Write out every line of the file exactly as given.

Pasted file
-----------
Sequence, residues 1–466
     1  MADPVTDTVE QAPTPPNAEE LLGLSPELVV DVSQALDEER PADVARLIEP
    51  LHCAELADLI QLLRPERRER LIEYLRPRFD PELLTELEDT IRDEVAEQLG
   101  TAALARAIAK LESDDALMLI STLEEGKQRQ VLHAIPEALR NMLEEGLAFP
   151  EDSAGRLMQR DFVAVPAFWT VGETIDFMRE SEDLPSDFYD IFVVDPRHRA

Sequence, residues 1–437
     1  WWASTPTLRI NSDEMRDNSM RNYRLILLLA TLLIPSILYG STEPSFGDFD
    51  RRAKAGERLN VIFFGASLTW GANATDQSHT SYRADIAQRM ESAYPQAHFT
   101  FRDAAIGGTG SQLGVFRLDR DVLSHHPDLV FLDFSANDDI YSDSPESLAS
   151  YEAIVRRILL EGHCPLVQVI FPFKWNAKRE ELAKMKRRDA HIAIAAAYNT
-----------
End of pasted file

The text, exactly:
Sequence, residues 1–466
     1  MADPVTDTVE QAPTPPNAEE LLGLSPELVV DVSQALDEER PADVARLIEP
    51  LHCAELADLI QLLRPERRER LIEYLRPRFD PELLTELEDT IRDEVAEQLG
   101  TAALARAIAK LESDDALMLI STLEEGKQRQ VLHAIPEALR NMLEEGLAFP
   151  EDSAGRLMQR DFVAVPAFWT VGETIDFMRE SEDLPSDFYD IFVVDPRHRA

Sequence, residues 1–437
     1  WWASTPTLRI NSDEMRDNSM RNYRLILLLA TLLIPSILYG STEPSFGDFD
    51  RRAKAGERLN VIFFGASLTW GANATDQSHT SYRADIAQRM ESAYPQAHFT
   101  FRDAAIGGTG SQLGVFRLDR DVLSHHPDLV FLDFSANDDI YSDSPESLAS
   151  YEAIVRRILL EGHCPLVQVI FPFKWNAKRE ELAKMKRRDA HIAIAAAYNT